• Feature

Six Artists Reflect on 2023 and Look Forward to 2024

Dec 22, 2023
by Stefan Chua

This year has been a year full of new faces, challenges and stories to cherish and keep alive. In 2023, the Inuit Art Foundation continued to celebrate Inuit and circumpolar Indigenous artists with four issues of Inuit Art Quarterly: Line, Boundless North, Multiples and Gathering, featuring work from Niap, Tarralik Duffy, Taqralik Partridge and more. In January, we launched our Kajungiqsaut Grants program, co-designed and co-delivered with the Canada Council for the Arts, dedicated to providing accessible funding for Inuit creatives to support their artistic practice. Throughout the year, we continued expanding the Inuit Art Quarterly Profiles, and in the fall, we highlighted our year by announcing Ningiukulu Teevee as the third recipient of the Kenojuak Ashevak Memorial Award and celebrating Kablusiak winning the Sobey Art Award. We are delighted to have shared this busy, swiftly passing year with you.

As 2023 comes to an end, we asked six artists—graphic designer Mark Bennett, singer-songwriter Beatrice Deer, curator Ooleepeeka Eegeesiak, content creator Braden Johnston, illustrator Jessica Malegana and artist and president of CARFAC Theresie Tungilik—to reflect with us and share their aspirations for the upcoming year.

Meelia Kelly Celebration Song (2006) stonecut 62.2 x 72.4 cmReproduced with permission Dorset Fine Arts Courtesy Waddington’s Auctioneers and Appraisers, Toronto ©THE ARTIST

What were your Inuit art highlights in 2023?

Mark Bennett: Seeing the community around me get recognized for the work they’re doing. Friends such as Kablusiak winning the [2023 Sobey Art Award], Emily Henderson taking on a new role as [associate curator] of Indigenous Art and Culture at [the McMichael Canadian Art Collection], seeing Couzyn van Heuvelen’s work in The Armory Show in NYC…seeing the people around me do well made me so happy.

Jessica Malegana: One of the bigger highlights I had was receiving the Kajungiqsaut grant from the Inuit Art Foundation to continue my artistic practice in digital art.

Elsie Klengenberg Sound of Life (1995) COURTESY IAF © THE ARTIST

What were your person and/or professional highlights?

Beatrice Deer: Personal highlight was hunting two walruses for the first time in my hometown, Quaqtaq.

Theresie Tungilik: I have been involved with the Canadian Artists' Representation / Le Front des artistes canadiens or CARFAC, as a Nunavut representative. Last May at the Board Planning Meeting in Winnipeg, I was appointed the National President and Spokesperson for CARFAC!

Braden Johnston: Beginning my first book this year was both a personal and professional highlight. This has been a passion I have been working towards for years and to see it come to life has been such an accomplishment.

What inspired or provoked you this year?

Ooleepeeka Eegeesiak: Kin, conversations in my Instagram DMs, the one-legged magpie I met before I left the prairies, anime, insects, resistance, queer love, rage, watching a painted turtle lay eggs, cute outfits, being scared, rivers, thinking about the future, laughing until we couldn’t breathe, soil, people who are stronger/smarter/softer than me, geology, paranormal YouTube videos, telling the truth, forgiveness, Legend of Zelda: Tears of the Kingdom, the patience required to sew, vivid dreams, picking berries, tending to my garden, memes and land.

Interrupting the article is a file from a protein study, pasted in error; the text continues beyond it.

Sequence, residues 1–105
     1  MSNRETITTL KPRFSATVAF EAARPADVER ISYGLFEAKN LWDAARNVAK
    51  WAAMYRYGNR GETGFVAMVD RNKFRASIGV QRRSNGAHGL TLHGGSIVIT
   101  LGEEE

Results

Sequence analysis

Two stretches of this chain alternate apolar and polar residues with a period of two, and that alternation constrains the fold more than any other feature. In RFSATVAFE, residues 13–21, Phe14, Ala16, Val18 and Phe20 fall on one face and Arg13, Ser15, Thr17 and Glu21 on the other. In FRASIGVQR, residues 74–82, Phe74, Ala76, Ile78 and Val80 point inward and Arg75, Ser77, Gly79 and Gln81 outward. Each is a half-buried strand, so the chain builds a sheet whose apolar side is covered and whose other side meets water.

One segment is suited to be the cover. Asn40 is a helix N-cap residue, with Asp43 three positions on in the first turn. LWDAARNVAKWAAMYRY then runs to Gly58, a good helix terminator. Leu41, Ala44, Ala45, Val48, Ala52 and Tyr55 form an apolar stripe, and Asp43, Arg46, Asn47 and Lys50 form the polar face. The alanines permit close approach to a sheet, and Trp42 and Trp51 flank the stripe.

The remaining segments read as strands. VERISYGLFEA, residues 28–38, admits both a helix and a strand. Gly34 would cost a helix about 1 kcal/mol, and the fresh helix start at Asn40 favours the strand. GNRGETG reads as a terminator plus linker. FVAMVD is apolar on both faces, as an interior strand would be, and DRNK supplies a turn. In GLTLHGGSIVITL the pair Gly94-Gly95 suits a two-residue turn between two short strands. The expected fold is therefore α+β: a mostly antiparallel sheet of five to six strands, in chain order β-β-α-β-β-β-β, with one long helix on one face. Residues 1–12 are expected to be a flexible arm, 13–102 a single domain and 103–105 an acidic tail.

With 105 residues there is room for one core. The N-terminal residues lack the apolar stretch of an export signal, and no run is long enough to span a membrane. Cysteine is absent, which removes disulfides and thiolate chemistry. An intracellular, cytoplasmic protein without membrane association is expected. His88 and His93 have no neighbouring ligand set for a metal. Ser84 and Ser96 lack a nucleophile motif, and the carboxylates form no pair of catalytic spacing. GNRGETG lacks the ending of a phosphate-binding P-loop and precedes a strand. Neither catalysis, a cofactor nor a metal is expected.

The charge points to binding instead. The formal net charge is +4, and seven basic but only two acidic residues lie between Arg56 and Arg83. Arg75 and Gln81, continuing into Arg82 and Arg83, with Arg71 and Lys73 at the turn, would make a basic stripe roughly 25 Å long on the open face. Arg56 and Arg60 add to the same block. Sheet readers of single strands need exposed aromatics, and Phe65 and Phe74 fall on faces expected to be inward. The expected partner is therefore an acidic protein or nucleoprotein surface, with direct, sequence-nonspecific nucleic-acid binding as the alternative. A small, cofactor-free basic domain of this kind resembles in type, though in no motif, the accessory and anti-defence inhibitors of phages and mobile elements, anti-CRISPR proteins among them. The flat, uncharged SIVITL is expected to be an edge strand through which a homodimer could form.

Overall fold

MB: Travelling played a big part of what provoked me this year. That and listening and talking—whether it was in Toronto or elsewhere.

35.4_Choice_PIksiraq_Flowers (1990)

Philippa Iksiraq 
Flowers (1990) felt, embroidery floss and duffle 66 x 66 cm 
Courtesy Feheley Fine Arts © THE ARTIST

What do you hope changes in the art world in 2024?

BJ: I hope to see more inclusivity of Inuit artists in 2024. There is a need, especially in the south, for recognition that any art created by Inuit artists is inherently Inuit Art.

OE: My hopes for changes in art worlds in 2024 are many, but some that are top of mind are that: the work being done for accessible and open art spaces, materials, and events continues; there’s more sharing of resources with emerging and marginalized artists and curators; and art institutions and organizations in general become braver in or deepen their support for anti-colonial practices and processes.

IqalukjuakNioreUkiuqNutaaaqTikiinuvuqANewYearHasBegun (1)
Niore Iqalukjuak Ukiuq Nutaaaq tikinuvuq/ A New Year has Begun (2016) © The artist 

Are there Inuit art events or exhibitions that you are looking forward to in 2024?

BD: I look forward to hearing more Inuit music in 2024.

TT: In the west in Inuvik, Inuvialuit Settlement Region, NT, they have the annual Great Northern Arts Festival, and in the Yukon, they have their (S)hiver Winter Arts Festival in Dawson City and the annual Adäka Cultural Festival in Whitehorse.

JM: I’ve never actually been to an Inuit art event or exhibition and I’m looking forward to changing that for myself in the new year. I’m specifically hoping to make a trip to Winnipeg, Manitoba, to visit [Qaumajuq], as I’ve never seen anything like it in person.

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